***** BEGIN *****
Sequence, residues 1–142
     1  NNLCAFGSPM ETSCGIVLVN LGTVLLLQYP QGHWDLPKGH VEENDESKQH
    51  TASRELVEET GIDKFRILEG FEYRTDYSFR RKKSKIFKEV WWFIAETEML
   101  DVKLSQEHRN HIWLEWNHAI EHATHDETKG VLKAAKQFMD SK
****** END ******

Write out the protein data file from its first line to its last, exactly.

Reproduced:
Sequence, residues 1–142
     1  NNLCAFGSPM ETSCGIVLVN LGTVLLLQYP QGHWDLPKGH VEENDESKQH
    51  TASRELVEET GIDKFRILEG FEYRTDYSFR RKKSKIFKEV WWFIAETEML
   101  DVKLSQEHRN HIWLEWNHAI EHATHDETKG VLKAAKQFMD SK